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High gas costs eating up incomes, impacting emergency responders

Posted at 11:48 AM, Jun 16, 2022
and last updated 2022-06-16 14:48:50-04

(KERO) — Some say high gas costs are eating up incomes across the United States, particularly in Nevada. The state currently has the second-highest gas prices in the nation, followed by California.

With an average close to $5.75 a gallon Nevadans now facing steep gas prices too. But when you factor in average salary data shows drivers there have to work longer than in any other state. On average more than 3 hours to afford a single tank of gas.

Almost all of Nevada's fuel comes from California, where refining oil is more expensive because of stricter environmental regulations. And the cost to transport it is surging. Plus Nevada's gas tax is the sixth highest in the nation.

"This is really an access story. Simply put, prices are so high because it costs a lot of money to get gas to Nevada," explains John Treanor, a spokesman for Triple-A.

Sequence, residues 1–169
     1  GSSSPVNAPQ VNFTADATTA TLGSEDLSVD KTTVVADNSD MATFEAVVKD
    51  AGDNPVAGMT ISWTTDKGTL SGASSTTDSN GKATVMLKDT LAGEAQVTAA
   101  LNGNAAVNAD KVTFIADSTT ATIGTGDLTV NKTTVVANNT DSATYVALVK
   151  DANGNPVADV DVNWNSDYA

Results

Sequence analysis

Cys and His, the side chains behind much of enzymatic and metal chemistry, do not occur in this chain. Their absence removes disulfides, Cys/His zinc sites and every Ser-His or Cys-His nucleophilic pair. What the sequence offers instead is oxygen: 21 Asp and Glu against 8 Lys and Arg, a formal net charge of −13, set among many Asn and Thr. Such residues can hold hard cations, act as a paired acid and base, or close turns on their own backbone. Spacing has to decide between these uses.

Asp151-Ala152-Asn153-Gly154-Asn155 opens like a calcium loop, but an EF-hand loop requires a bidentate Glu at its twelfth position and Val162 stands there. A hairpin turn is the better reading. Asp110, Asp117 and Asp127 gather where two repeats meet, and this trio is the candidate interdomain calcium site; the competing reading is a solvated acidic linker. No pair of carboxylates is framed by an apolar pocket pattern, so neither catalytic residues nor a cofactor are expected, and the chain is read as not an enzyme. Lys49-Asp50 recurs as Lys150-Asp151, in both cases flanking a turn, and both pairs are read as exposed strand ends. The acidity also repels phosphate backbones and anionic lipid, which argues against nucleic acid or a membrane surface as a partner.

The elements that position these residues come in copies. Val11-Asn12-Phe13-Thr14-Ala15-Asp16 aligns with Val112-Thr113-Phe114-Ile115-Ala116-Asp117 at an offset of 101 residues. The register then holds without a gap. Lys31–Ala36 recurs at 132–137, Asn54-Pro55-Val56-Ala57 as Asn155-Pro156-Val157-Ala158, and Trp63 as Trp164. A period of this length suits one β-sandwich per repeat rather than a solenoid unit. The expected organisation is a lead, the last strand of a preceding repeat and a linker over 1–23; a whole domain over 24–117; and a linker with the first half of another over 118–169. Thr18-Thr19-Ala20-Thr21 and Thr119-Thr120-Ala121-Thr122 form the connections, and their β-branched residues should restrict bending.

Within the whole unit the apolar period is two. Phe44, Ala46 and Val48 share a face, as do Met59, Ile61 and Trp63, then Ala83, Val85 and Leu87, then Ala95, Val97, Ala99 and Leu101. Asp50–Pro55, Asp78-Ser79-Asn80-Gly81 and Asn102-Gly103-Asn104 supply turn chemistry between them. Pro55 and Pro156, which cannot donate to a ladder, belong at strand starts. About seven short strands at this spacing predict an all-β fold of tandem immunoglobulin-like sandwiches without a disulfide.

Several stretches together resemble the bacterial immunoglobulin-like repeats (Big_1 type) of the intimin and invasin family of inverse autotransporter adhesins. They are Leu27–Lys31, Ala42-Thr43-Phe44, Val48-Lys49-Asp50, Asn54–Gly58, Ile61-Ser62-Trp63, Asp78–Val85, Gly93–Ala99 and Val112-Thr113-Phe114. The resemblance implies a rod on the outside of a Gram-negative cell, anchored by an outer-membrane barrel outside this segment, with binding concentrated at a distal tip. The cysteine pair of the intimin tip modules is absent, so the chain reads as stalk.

With prices expected to keep climbing many Americans, especially those with lower incomes will have to work more hours to afford gas.

Some economists have raised concerns about the impact high gas prices could have on tourism in a city like Las Vegas. But the main tourism agency for Las Vegas says there's no evidence yet that it's taken a hit. The number of visitors has nearly returned to pre-pandemic levels.

And surging gas prices also impact emergency responders. Sheriff's deputies in Michigan say they will not immediately respond to non-emergency calls and will cut back on patrols to save gas.

A fire department in Indiana says it will use smaller vehicles as often as possible and won't allow firefighters to drive to training courses.

Triple-A currently lists the average price for a gallon of gas at $5.01. That's nearly two dollars higher than the same time last year.